Griffon basketball sacrifices experience for talent
By Kyle Inman
February 18, 2013
After a 9-17 season that was full of single-digit losses last year, coach Tom Smith knew he needed to add more talent in order to pull away late in tight MIAA games.
Smith added an influx of new players and believes the versatility of his new post players could be the strength of this year’s team.
Junior college transfers 6-foot-5-inch Alfreeman Flowers, 6-foot-8-inch Dzenan Mrkaljevic and 6-foot-7-inch Cedric Clinkscales give the Griffons a revamped group of post players. Smith considered last year’s big men very one-dimensional and believes that Flowers and Mrkaljevic can score on the block or step out and create points from the perimeter.
“I’ve always liked inside guys who can go to the perimeter and create matchup problems,” Smith said. “That’s something that I’ve been looking for the last couple of years and haven’t found.”
The Griffons also feature a deep guard rotation that features returning players James Harris, Dylan Frantz, Reed Mells and newcomer Adarius Fulton.
Harris averaged 11.6 points per game last season as a junior while Mells averaged 5.5 as a true freshman. Shooting guard Frantz provided hustle and very good defense before being sidelined for the last part of the season with a thumb injury. Fulton has stepped in as the starting point guard, which gives Harris and Mells and chance to come in and provide instant firepower off the bench.
“Taking Reed and James and bringing them off the bench right now is probably a good sign,” Smith said. “It just shows that we are a little deeper at the guard position than we were last year and allows them to concentrate more on scoring.”
The small forward position features returning sharp shooter Alex Tuluka-Mfumupembe with depth from strong athletes Tevin Harris and Kalvin Balque.
The Griffons were picked No. 12 in the preseason MIAA coaches poll and No. 13 by the media, but are confident in their ability to far exceed the expectations.
“I think we are top three,” James said. “I just think our chemistry is way better. It’s not a one man team, it’s five people playing as a team.”
“I don’t think winning is going to be a surprise, because I’m expecting to win,” Mells said. ”If you think the Griffons are going to be bad this year, then you will be surprised, but I won’t be surprised.”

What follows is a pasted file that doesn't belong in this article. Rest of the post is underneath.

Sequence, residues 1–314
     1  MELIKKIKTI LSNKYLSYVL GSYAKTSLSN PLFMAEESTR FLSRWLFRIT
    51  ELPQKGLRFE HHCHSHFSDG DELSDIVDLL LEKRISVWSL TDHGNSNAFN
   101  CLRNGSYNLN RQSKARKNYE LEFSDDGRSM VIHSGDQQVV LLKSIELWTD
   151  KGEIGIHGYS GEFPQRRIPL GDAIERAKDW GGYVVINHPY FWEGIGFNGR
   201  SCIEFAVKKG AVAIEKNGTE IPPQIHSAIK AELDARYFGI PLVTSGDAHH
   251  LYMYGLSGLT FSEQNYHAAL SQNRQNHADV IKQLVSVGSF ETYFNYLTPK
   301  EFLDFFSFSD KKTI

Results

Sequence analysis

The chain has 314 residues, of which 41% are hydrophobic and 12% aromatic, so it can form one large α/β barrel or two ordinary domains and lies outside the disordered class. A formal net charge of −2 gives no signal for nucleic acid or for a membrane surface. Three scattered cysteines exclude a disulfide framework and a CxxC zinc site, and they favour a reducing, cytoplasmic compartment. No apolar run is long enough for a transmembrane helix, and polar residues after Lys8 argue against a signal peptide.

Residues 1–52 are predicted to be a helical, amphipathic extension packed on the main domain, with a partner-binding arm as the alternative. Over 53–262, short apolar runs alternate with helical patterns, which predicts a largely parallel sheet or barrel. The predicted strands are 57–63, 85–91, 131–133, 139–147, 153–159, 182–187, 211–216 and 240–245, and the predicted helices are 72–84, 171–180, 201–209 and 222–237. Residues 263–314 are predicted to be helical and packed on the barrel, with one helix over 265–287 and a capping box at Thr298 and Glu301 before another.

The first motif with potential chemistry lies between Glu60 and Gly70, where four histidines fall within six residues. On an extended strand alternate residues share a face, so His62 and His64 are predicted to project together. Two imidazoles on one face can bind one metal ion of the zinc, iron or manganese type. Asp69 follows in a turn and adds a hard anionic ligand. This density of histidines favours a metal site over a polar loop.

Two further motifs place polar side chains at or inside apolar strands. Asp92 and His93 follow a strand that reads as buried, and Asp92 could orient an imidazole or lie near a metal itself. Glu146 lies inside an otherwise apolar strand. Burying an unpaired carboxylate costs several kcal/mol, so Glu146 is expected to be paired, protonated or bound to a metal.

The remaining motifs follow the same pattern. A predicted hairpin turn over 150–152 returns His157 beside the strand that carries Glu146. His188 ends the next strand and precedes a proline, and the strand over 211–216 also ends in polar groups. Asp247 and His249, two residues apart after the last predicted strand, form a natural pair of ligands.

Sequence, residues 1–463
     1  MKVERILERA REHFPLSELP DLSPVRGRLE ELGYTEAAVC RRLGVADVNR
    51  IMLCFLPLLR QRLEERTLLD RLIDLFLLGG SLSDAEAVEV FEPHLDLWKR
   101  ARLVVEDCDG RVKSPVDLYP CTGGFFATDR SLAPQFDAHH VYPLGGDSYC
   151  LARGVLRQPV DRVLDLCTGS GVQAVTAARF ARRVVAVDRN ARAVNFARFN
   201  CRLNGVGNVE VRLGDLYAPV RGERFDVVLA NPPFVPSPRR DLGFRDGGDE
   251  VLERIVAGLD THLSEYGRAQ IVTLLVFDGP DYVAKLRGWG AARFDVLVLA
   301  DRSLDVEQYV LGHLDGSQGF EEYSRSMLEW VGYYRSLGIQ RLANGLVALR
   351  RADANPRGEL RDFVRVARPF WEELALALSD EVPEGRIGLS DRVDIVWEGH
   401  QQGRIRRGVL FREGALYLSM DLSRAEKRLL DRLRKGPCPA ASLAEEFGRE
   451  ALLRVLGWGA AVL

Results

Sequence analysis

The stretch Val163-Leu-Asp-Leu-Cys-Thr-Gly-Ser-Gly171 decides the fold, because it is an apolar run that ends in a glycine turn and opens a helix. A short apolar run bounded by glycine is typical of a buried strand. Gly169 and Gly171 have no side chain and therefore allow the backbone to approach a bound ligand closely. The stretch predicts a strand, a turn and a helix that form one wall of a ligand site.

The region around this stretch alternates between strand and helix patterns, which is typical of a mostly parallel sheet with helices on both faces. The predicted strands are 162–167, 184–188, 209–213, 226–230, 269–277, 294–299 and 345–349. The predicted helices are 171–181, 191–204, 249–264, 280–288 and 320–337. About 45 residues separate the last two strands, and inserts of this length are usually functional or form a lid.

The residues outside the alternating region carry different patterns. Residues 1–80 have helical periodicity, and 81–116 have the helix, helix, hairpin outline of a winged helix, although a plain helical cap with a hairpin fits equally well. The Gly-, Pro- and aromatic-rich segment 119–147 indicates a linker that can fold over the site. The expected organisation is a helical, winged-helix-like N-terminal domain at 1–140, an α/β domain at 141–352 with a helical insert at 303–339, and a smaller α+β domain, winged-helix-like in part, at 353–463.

Flowers believes that the physicality of the MIAA conference plays to the strengths of the current team.
“I heard it’s a very physical conference and we are a very physical team,” Flowers said. “We are playing each other tough so it’s second nature come game time.”
One thing that concerns Smith is the lack of experience at this level with the newcomers. He doesn’t want his players to underestimate the conference strength.
“The good thing is that we have more talent,” Smith said. “One bad thing is they haven’t gone through the MIAA, and through the caliber of competition, they will see at Division II. So many times kids find out that the athleticism at DII is pretty good.”
As a senior leader, James is trying to prepare his team for the close fought battles to come.
“It’s a very physical conference and you can’t play by the refs,” James said. “Play for your team, sometimes the refs don’t be on your side. We have to compete for the full 40 minutes.”
The Griffons are 1-1 in two exhibition games this season. The first coming in a tightly contested loss to Division I Missouri State 81-67 while the win came by way of a 112-73 game against Livin’ the Dream.
“Everybody on this team can play ball,” Flowers said. “If there’s someone who needs to come out, we have the players that can come in and put the ball in the hole.”